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Discussion in 'Handguns: Autoloaders' started by SHusky57, Dec 14, 2008.

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  1. SHusky57

    SHusky57 Member

    Nov 6, 2008
    Are there any advantages or disadvantages for a striker fired auto compared to an auto with an external hammer?
  2. janobles14

    janobles14 Member

    Apr 22, 2008
    sure both have advantages and disadvantages. ill give a brief (and by no way exhaustive) listing.

    pros: no snag when drawing from concealment, generally a better DA trigger pull (depending on model), often better in a "tactical" setting because of no chance of "hammer clogging" or breakage.

    cons: can often result in light strikes as springs wear, no true single action (even on single/double guns), more difficult to repair (but not by much to be honest).

    pros: single action available (though not as crisp as a revolver), some would say more reliable (though i think newer weps have fixed this), in many weapons its easier to tune or lighten the trigger, seldom have light strike issues

    cons: snaggable, longer and generally heavier initial trigger pulls, breakage can be either to the hammer or the pin (two steps of repair), dirt or sand or debris can jam a hammer (hammer clog)

    these are just some pros and cons. most of it comes down to personal preference
  3. Moto4Fun

    Moto4Fun Member

    Feb 19, 2009
    There are a few threads out there about this, so I figured I would refresh the newest one rather than start a whole new thread. My questions stem from all of the debate of Glock Safety as well as my research for my next compact carry gun.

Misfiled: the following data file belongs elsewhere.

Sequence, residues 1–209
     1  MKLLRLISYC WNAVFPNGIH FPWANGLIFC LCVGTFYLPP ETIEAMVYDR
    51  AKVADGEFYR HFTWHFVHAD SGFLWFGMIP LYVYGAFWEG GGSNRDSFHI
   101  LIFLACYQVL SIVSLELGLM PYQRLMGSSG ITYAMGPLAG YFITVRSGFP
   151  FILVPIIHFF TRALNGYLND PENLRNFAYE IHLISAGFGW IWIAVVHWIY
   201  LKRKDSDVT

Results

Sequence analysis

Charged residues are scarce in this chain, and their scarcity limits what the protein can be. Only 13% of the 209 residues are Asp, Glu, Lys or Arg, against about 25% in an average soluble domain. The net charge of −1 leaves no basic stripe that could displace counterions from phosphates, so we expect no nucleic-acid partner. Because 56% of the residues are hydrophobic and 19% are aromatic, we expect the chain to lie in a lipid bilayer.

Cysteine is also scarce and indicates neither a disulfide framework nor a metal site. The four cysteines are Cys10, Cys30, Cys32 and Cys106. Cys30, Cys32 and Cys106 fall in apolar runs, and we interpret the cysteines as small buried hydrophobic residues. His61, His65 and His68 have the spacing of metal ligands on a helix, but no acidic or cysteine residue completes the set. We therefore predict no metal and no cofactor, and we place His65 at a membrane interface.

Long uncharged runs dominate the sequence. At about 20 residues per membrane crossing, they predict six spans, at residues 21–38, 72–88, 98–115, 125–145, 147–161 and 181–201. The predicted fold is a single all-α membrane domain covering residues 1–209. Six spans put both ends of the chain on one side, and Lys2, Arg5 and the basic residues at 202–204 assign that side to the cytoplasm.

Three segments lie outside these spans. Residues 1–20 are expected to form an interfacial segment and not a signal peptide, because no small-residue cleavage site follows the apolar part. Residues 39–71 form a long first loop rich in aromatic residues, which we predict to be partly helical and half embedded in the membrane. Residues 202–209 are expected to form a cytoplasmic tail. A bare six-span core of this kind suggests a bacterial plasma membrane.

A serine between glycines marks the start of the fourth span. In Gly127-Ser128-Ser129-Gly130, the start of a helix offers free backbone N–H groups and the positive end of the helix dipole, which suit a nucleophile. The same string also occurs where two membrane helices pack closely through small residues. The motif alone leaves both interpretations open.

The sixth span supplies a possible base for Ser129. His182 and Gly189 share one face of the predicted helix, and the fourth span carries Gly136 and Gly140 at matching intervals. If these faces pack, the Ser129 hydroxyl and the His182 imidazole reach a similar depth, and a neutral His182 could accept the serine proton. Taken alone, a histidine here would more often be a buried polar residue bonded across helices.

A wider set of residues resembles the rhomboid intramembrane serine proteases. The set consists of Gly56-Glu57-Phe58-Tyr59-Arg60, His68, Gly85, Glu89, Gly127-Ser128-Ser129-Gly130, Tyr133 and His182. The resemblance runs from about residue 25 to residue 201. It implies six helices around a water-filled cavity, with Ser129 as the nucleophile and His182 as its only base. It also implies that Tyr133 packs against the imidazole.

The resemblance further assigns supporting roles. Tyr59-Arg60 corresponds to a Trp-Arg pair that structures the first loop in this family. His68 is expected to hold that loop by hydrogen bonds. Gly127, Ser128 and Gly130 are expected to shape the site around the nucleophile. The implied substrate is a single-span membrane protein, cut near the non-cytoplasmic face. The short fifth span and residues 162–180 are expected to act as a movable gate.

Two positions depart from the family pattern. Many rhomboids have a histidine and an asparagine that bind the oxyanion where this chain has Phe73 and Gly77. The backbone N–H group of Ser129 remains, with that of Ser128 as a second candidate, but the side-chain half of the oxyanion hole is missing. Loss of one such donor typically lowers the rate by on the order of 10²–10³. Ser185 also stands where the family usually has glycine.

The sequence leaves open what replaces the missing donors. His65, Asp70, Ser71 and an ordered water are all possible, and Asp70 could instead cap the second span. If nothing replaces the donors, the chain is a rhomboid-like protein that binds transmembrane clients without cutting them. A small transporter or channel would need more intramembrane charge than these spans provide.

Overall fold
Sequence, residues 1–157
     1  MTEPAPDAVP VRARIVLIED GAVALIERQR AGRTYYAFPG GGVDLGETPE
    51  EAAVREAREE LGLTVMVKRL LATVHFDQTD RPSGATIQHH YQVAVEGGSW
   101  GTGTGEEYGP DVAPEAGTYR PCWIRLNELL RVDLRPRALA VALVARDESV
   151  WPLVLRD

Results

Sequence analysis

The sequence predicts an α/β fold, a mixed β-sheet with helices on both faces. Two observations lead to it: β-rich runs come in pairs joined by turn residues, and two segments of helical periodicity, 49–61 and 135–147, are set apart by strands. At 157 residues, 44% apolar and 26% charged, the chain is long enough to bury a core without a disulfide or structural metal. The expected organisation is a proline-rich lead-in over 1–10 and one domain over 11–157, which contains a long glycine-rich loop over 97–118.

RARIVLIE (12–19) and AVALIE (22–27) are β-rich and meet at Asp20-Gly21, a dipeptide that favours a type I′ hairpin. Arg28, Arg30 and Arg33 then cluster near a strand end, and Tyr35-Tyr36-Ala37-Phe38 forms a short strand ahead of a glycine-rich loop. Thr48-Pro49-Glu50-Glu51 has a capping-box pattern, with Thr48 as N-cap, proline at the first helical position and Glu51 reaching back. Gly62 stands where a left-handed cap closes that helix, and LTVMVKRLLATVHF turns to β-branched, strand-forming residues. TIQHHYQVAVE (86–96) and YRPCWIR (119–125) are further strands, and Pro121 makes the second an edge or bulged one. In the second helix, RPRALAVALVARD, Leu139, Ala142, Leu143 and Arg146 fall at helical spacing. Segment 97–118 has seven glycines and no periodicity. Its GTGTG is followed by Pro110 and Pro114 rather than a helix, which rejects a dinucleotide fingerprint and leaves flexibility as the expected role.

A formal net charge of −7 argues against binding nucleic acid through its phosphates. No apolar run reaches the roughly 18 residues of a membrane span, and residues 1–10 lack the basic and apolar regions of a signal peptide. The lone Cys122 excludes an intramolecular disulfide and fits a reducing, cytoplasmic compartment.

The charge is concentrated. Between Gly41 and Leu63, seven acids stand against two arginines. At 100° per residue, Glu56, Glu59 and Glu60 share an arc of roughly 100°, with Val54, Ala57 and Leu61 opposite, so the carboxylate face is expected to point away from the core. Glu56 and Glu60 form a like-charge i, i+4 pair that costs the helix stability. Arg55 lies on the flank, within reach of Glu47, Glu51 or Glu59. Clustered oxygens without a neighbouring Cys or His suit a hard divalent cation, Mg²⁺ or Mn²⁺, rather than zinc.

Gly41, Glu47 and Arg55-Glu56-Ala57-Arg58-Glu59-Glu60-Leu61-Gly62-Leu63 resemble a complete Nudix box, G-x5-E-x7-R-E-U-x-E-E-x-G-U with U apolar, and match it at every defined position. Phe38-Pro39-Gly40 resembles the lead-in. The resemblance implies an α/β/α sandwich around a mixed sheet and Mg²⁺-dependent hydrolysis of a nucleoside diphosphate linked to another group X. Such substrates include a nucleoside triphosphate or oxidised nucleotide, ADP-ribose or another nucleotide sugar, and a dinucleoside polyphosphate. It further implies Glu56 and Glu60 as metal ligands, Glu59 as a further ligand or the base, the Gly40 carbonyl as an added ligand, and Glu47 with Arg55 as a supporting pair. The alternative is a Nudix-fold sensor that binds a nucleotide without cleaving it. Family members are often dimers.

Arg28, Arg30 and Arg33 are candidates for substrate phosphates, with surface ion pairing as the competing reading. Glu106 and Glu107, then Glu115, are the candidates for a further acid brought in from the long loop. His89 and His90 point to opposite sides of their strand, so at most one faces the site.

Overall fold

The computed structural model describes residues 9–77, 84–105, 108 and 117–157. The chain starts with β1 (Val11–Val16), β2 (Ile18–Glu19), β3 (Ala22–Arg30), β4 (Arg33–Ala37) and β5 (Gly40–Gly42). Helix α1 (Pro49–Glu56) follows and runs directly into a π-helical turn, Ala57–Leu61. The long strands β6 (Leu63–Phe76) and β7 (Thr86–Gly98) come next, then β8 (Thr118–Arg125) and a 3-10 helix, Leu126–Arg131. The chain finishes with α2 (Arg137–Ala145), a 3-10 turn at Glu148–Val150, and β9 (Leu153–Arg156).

My dad has always been a fan of Sig, my primary gun is an SW99.

    From a complexity point of view, I like my SW99 because there is no manual safety, there is a decocker, and pulling the trigger will always cycle the striker. While there are a number of conditions that the trigger/striker/chamber can be left in, if there is a round in the chamber pulling the trigger will always fire a round.

    How does this differ from a hammer gun? I have read about cocked and locked, and decocked; am I correct in my assumption that my gun is set up more like a typical hammer gun than a Glock type striker gun?
  4. Jim K

    Jim K Member

    Dec 31, 2002
    Police departments like guns like the Glock that are striker fired and have a long trigger pull. That lessens the possibility of an accidental discharge and a lawsuit.

  5. Billy Shears

    Billy Shears Member

    Mar 16, 2008
    Another advantage to the striker is that it generally allows the hand to be placed higher on the grip, thus reducing muzzle flip. With a hammer-fired gun, room has to be made in the frame for the hammer's pivot point, which lowers the backstrap of the grip slightly, and shifts the hand slightly downward on the grip.

    Other than that, I can see any real particular advantage one way or the other. Striker-fired guns do give a lighter strike to the primer, but with good quality, modern ammo, this is almost never an issue. Military organizations still tend to like hammer-fired guns because of the harder strike, since some military ammo demands a harder strike to the primer, but this is far from a universal preference, as there are plenty of armies around the world issue striker-fired pistols.
  6. Spyvie

    Spyvie Member

    Nov 13, 2007
    Edmonds Washington
    I like external hammers simply because I can see what's going on and I feel like I have more control... real or imagined. I'll stick with external hammers on full size pistols.
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